Google's Nexus 7 tablet move could be costly
Apps expected to be key to new tablet's success
Computerworld - A $199 Nexus 7 tablet from Google would raise the stakes for Amazon's Kindle Fire and Barnes & Noble's Nook tablet, which sell at a similar price and screen size.
But since the 7-in. touchscreen device is reportedly a quad-core tablet with other costly hardware, the Nexus 7 might also in some ways compete with the popular Apple iPad or perhaps the Microsoft Surface tablets unveiled last week. The iPad starts at $499; pricing for the Surface has not yet been announced.
To offer high-end features at a low cost with the Nexus 7, Google seems to be acknowledging that the Android strategy of having third-party companies make tablets hasn't worked. And that means Google must take aggressive pricing steps to make up the difference.
"If Google wants to jump-start the Android tablet market, which has been weak to date, then a low-priced, high-quality device could do that," said Jack Gold, an analyst at J. Gold Associates. "Google certainly has an incentive to make the Android tablet a competitive product in the market, and maybe driven more by wanting to capture a bigger share of the pie, than by supporting its OEMs (Original Equipment Makers)."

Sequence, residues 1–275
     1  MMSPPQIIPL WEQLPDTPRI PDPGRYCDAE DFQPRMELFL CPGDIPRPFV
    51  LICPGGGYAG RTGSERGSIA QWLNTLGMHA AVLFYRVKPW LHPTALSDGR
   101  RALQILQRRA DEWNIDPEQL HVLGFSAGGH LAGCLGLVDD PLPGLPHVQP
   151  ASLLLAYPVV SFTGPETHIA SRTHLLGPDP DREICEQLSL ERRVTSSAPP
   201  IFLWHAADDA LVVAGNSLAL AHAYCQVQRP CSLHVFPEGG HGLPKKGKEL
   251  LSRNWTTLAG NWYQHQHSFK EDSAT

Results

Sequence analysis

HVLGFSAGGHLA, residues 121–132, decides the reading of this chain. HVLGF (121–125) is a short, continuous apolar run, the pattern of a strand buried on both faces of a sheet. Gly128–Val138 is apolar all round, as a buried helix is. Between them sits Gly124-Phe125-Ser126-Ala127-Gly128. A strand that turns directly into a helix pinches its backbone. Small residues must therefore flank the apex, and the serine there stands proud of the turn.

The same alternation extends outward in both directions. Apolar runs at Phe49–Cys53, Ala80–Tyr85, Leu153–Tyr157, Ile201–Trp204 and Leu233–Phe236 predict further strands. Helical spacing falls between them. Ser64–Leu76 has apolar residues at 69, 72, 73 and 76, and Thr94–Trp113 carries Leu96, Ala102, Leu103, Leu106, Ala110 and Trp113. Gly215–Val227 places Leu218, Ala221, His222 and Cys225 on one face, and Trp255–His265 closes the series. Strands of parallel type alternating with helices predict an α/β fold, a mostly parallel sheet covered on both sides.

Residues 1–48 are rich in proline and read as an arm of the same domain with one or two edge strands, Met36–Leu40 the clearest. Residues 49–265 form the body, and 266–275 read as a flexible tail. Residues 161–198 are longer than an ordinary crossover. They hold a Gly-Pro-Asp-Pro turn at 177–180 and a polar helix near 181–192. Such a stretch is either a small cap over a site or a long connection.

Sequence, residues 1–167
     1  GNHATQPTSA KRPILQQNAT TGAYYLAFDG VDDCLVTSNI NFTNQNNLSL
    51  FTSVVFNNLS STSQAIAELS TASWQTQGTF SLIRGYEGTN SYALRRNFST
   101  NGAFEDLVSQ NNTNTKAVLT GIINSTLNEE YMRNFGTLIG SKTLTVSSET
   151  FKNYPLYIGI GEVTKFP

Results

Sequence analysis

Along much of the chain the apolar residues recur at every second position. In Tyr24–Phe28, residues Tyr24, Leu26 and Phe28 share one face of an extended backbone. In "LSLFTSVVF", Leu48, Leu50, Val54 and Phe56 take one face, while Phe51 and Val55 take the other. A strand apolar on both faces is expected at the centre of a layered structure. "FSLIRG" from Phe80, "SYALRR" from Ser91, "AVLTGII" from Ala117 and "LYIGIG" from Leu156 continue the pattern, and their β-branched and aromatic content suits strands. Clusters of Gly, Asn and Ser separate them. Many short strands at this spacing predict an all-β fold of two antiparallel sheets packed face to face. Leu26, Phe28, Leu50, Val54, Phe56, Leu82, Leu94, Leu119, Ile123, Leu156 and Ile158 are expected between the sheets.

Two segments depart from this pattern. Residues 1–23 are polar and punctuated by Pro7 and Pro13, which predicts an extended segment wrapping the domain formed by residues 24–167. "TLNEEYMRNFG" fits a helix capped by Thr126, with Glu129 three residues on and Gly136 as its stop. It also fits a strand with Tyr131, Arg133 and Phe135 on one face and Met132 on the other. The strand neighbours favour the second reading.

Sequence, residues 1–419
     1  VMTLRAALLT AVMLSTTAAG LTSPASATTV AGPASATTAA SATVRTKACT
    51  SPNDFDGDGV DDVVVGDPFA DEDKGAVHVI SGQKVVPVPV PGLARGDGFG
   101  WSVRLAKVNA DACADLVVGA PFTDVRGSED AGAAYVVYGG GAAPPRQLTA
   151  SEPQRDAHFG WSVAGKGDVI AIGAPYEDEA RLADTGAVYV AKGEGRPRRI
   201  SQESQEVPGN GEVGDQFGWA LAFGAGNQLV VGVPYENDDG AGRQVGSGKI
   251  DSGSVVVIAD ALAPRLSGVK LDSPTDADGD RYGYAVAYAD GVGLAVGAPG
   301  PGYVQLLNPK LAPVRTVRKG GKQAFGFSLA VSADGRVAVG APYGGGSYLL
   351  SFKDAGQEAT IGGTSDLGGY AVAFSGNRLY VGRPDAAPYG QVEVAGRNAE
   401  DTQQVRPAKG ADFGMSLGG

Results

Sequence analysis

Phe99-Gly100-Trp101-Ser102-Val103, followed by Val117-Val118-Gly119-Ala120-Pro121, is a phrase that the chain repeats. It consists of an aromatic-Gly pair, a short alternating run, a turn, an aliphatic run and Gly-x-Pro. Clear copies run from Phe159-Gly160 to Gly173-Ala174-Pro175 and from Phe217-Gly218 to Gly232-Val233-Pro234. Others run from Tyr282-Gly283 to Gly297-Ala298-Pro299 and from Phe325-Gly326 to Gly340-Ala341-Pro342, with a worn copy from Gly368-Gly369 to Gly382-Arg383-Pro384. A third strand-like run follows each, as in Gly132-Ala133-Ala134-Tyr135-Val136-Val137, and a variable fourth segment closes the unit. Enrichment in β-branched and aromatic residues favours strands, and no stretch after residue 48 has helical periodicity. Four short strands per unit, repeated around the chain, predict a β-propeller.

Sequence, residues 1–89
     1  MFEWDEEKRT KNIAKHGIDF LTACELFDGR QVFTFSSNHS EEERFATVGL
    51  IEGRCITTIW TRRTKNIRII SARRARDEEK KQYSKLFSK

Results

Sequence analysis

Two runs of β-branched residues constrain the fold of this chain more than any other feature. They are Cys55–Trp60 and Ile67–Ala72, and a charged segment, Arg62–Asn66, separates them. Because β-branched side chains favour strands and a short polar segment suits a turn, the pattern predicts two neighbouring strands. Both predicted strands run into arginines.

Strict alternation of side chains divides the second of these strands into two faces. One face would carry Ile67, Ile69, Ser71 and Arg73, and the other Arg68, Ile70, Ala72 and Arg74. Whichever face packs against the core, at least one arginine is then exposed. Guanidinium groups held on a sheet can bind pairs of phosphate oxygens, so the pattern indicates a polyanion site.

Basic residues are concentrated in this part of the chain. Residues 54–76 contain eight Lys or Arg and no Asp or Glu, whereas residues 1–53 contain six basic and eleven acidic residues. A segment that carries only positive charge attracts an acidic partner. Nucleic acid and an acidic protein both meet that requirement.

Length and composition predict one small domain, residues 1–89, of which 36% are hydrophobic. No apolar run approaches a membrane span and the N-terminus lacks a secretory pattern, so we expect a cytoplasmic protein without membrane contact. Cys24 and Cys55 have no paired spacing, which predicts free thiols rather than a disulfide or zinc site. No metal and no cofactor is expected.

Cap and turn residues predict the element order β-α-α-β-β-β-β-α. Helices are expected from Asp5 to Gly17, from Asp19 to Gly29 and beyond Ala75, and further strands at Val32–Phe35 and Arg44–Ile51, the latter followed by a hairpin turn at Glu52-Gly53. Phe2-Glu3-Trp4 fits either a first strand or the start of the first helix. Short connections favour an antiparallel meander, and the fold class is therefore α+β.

Google could be subsidizing the Nexus 7 to the tune of hundreds of dollars per tablet, some analysts said. Even so, "getting revenues is the name of the game for Google, and right now the OEMs are driving very little revenue to them on Android-based tablets," Gold said.
The big payback to Google from selling a $199 tablet would come from the sales of apps and the ads that Google sells for its search tool, analysts noted. "Considering that the tablet ecosystem war is getting heated now with Microsoft having a bigger role, Google might feel the need for a more aggressive [pricing] strategy," said Carolina Milanesi, an analyst at Gartner.
She said that 40 million iPad sales in 2011 at a cost of $499 or more show there's room for Android sales, especially at lower prices. "You would think that 40 million would not seem impossible for the combination of all the vendors supporting Android," she said.
IDC said iPads accounted for 59% of tablet sales globally in 2011. Among Android tablets, Samsung had 6.3% of the market, and Asus took 2.5%. Amazon had 6.9% of the market with its Android variant and Barnes & Noble had 4.9%.
"Google has to be more than a little frustrated that the first mainstream hit Android tablet is the Kindle Fire," said Tom Mainelli, an analyst at IDC. "Google is desperate to get some market traction for Android tablets and the Google ecosystem that supports them."
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